Kent part of international partnership to advance green hydrogen production

Emily Collins

Cape Town port

Kent, through the Centre for Logistics and Sustainability Analytics (CeLSA), has joined a consortium led by Ikigai Group and Nelson Mandela University that has won a UK Government grant to explore the viability of green hydrogen production and export infrastructure from South Africa’s Eastern Cape region to global markets, including the UK, Europe, and Japan.  

The consortium, funded via the South Africa-UK PACT programme, will work with the Industrial Development Corporation (IDC) of South Africa in support of South Africa’s wider development and energy transition plans. 

Dr Ramin Raeesi, Reader in Management Science and the Director of CeLSA, joined by Dr Preetam Basu from Kent Business School, will work alongside fellow industry leaders and experts in the energy transition from University College London, DNV, National Gas, and the Thames Estuary Growth Board. The consortium is also supported by key delivery partners, including Hive Energy, the Nedbank Group, the Development Bank of Southern Africa, and Advantage Partners, who will provide fund management services to the Japan Hydrogen Association’s new fund dedicated to hydrogen related investments. 

Green hydrogen, produced through electrolysis using renewable energy sources, offers a clean and versatile alternative to conventional fossil fuels. The feasibility study will evaluate the potential for establishing green hydrogen production facilities in South Africa’s Eastern Cape region and develop the necessary infrastructure for export, including port facilities and transportation networks. Stakeholder engagement will be integral to the process, to ensure alignment with local communities, government agencies, and industry partners. 

The focus of the project on the export of green hydrogen is key not only to maximise the valorisation of abundant renewable energy resources in the Eastern Cape and surrounding provinces, but also to provide a diversification of revenue streams via the sale of green hydrogen and green ammonia to international markets. This is critical to ensuring the profitability and ultimately the delivery of the overall project.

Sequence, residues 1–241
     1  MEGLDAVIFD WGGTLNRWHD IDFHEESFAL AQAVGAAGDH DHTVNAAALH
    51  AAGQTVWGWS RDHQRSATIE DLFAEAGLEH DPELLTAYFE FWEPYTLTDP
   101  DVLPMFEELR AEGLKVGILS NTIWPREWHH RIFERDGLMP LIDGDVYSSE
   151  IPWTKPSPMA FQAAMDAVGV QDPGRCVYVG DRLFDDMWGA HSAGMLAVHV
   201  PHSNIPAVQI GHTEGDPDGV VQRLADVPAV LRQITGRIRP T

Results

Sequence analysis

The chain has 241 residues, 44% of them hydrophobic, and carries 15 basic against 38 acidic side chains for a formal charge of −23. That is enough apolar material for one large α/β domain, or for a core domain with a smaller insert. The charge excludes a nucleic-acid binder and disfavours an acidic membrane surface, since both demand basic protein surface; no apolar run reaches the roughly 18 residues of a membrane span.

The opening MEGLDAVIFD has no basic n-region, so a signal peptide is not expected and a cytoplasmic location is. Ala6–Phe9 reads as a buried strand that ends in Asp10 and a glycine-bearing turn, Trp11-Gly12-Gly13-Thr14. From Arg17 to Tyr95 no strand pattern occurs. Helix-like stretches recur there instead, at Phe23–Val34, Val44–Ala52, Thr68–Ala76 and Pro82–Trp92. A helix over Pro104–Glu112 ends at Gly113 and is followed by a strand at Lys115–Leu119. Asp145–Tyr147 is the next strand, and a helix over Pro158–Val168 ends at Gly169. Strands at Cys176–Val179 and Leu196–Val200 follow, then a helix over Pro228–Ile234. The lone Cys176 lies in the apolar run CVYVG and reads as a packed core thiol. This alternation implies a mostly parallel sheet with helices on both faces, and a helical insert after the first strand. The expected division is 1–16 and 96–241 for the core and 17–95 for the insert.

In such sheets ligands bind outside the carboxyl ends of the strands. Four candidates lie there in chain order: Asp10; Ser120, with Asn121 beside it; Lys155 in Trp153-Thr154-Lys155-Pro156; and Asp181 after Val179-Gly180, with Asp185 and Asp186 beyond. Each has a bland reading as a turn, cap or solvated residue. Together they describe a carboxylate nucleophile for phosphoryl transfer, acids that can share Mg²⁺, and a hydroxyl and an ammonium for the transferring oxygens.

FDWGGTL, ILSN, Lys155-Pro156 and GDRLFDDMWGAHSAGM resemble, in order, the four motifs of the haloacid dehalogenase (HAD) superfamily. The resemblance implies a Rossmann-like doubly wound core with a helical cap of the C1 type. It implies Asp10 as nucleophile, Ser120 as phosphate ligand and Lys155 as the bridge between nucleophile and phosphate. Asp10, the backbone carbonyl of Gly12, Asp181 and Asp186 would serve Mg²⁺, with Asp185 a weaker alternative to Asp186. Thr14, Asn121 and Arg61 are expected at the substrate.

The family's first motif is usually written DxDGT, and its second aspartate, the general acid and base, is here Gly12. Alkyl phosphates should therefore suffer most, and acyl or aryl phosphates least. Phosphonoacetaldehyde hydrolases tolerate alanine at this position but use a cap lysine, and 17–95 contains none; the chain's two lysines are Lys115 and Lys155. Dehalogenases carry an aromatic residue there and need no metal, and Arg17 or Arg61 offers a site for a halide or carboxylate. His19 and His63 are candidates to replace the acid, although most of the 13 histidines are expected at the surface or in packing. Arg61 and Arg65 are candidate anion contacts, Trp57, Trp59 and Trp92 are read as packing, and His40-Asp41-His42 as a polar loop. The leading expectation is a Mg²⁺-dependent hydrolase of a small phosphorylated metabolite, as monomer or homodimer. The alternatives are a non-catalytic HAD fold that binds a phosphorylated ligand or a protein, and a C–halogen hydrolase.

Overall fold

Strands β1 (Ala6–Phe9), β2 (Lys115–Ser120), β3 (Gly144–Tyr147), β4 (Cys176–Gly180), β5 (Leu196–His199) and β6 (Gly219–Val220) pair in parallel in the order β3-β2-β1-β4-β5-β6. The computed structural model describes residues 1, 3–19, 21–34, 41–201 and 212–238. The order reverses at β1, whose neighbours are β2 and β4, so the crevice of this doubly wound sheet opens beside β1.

By fostering innovation, job creation, community participation and sustainable development, the project aims to contribute to a greener, more resilient future for South Africa and beyond. 

Dr Ramin Raeesi commented: ‘This is an exciting international project and a great addition to our existing impactful net-zero project portfolio at CeLSA. We will contribute to the work package focusing on the business case, and aim to develop a detailed economic model to gain an insight into the potential levelised cost of hydrogen production, storage and transport to the UK from South Africa. We are getting closer than ever to a hydrogen economy, and we should start to look beyond the UK borders using such initiatives to broaden the opportunity for accelerating the development of a viable hydrogen ecosystem.’

Helena Anderson, Co-Founder & COO at Ikigai commented that: ‘The missing links in hydrogen moving from an inter-regional to an inter-national commodity are import and export ports receiving, converting, and onwards distributing infrastructure and the hydrogen carriers from a HSE and total lifecycle cost perspective. This green hydrogen corridor project is looking at all these aspects. It’s focusing on a large-scale green hydrogen project in South Africa, comparing it with ammonia as a counterfactual carrier, and exploring how we can deliver hydrogen to places like Japan, Europe, and the UK. The goal is to show that exporting hydrogen can also boost local demand.’

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